Campbell-Hazlett-Lugg-Blackwell Interconnections
How Do Our Campbells, Hazletts, Luggs & Blackwells Interconnect?

There are many intermarriages throughout the generations, but here are the early connections. There's lots of overlap in the family trees. Below are selected parts of the trees: first from the CAMPBELLs' viewpoint; then from the LUGG perspective; BLACKWELLs' next; then from the HAZLETT perspective. For simplicity, only the children that "interconnect" are shown. "Sr." and "Jr." were not usually used as part of the names below, but are added to help distinguish father from son, where both have the same name.

[Note the longevity of many of these folks. Infant and child mortality was high, but for those who reached adulthood, a surprising percent lived to "ripe old age".]


Unknown Campbell
    sp. unknown
|- Joseph Campbell "Sr." (b. 1748 d. 1824)
|-   sp. Mary Harper (b. 1749 d. 1844)
|--  | Sarah Campbell (b. 1777 d. 1860)
|--  |   sp. Samuel HAZLETT (b. 1780 d. 1840)
|--  |  Mary Campbell (b. 1779 d. 1824)
|--  |   sp. John HAZLETT (b. 1783 in N. Ireland d. 1869 in Pittsburgh, PA)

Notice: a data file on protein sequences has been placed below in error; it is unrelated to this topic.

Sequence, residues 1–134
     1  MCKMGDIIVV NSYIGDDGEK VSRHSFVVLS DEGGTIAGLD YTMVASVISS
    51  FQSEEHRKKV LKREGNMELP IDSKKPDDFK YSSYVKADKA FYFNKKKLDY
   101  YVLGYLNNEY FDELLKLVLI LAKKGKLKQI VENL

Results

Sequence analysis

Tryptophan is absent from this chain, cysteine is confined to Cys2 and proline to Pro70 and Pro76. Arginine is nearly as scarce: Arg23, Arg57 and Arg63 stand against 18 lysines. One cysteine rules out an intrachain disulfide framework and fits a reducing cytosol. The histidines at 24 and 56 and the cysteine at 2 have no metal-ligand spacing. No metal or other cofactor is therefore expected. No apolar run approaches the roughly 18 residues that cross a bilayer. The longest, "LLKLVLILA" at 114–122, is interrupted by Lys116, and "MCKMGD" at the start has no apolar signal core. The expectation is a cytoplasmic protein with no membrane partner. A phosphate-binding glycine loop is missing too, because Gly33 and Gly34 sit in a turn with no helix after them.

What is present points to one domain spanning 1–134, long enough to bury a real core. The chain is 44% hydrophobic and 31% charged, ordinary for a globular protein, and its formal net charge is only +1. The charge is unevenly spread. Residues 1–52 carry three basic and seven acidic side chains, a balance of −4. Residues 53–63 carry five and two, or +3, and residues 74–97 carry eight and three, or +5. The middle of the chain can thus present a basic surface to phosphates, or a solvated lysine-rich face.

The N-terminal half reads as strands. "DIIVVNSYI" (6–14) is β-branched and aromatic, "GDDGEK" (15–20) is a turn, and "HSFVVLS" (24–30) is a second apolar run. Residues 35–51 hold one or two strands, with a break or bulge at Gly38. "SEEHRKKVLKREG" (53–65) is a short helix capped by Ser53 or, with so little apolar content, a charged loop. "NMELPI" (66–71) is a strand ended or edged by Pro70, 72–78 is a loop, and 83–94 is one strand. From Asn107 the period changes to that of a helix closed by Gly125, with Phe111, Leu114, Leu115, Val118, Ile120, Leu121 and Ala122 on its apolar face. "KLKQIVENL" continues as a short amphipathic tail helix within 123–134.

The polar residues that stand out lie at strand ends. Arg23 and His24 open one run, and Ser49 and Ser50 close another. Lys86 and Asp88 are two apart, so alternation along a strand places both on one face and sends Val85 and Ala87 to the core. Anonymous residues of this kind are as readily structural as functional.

|--  | (additional children omitted)
|--  |  Jane Campbell (b. 1792 d. 1832)
|--  |    sp.
John HAZLETT (b. abt. 1787 d. 1840 in Nelson, PA)
|--  | Joseph Campbell "Jr." (b. 1793 d. 1864)
|--  |    sp. Ann Clinch (b. 1804 d. 1872)
|--  | James Campbell (b. 1798 d. 1865)
|--  |    sp. Mary BLACKWELL (b. 1806 d. 1863)
|- John Campbell (b. 1761 d. 1865)
|- sp. Sarah LUGG (b. abt. 1777 d. 1867)

We haven't been able to trace our Campbells farther back than Joseph Campbell, born 1748 in Scotland, died 1822 in Nelson, Tioga Co., PA and his brother, John Campbell, born Apr 3, 1761 in Scotland, died Mar 20, 1855, in Nelson. We do not know where in Scotland they were born, nor where in Scotland Mary Harper was born.